National Grid said it expected to book a one-off gain related to changes in US tax policy, though it added the cuts would likely have a neutral impact on the company longer term. The utility said it anticipated a non-cash tax credit of around $2bn, due to the revaluation of certain deferred tax balances. The credit would be reflected as an exceptional item and was expected to be returned to customers over a period of 20-to-30 years. 'Overall, the US tax reform changes are significantly positive for our US customers and economically neutral for National Grid,' the company said. "The full implications of the new legislation on earnings and cash flows are still being reviewed, and will depend on the outcome of discussions with regulators for each of our 14 regulated entities in the US.' 'To date, this has been reflected in our joint proposal for Niagara Mohawk Electric and Gas, and our ongoing Massachusetts Gas and Rhode Island rate filings, which together represented 48% of the US rate base at 31 March 2017.' 'The total annualised revenue increase for these companies is estimated to reduce by $130m and will come into effect as these changes are adopted in new rates in FY19.' 'The reduction in revenue will be offset by a corresponding reduction in the tax charge.'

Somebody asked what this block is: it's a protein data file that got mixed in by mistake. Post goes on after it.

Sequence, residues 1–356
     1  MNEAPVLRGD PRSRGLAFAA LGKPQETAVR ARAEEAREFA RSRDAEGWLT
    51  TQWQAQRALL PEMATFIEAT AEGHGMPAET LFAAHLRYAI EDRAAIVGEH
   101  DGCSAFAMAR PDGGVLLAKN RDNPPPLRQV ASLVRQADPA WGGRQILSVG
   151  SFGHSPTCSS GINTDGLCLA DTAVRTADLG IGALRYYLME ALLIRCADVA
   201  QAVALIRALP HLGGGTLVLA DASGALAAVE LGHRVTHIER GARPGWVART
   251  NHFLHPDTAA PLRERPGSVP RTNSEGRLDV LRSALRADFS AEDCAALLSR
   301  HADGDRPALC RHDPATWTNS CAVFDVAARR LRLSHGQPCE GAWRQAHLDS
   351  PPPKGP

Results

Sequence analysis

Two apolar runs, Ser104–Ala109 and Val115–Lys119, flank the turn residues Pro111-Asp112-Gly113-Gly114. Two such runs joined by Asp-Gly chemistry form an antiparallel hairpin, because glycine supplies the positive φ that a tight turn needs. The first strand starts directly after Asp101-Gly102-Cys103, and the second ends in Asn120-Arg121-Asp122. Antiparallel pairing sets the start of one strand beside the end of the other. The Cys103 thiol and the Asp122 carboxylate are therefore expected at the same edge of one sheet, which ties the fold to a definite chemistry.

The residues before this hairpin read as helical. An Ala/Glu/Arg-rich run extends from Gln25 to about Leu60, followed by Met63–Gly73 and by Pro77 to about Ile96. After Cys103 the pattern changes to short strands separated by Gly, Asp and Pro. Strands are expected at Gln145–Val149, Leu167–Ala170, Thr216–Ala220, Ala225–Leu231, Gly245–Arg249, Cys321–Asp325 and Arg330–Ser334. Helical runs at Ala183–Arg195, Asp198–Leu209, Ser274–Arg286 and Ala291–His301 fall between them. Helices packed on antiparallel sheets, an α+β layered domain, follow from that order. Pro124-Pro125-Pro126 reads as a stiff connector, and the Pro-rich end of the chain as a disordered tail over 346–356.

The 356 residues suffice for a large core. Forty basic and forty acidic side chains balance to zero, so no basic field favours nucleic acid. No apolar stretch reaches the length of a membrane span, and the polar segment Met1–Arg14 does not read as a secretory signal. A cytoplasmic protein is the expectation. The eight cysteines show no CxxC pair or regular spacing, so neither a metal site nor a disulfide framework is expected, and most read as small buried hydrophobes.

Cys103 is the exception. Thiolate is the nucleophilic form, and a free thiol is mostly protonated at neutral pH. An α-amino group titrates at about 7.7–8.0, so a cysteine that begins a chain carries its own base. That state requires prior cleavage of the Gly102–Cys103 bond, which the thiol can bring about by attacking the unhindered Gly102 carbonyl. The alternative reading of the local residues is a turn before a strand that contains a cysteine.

+8.70p (+1.17%)delayed 17:30PM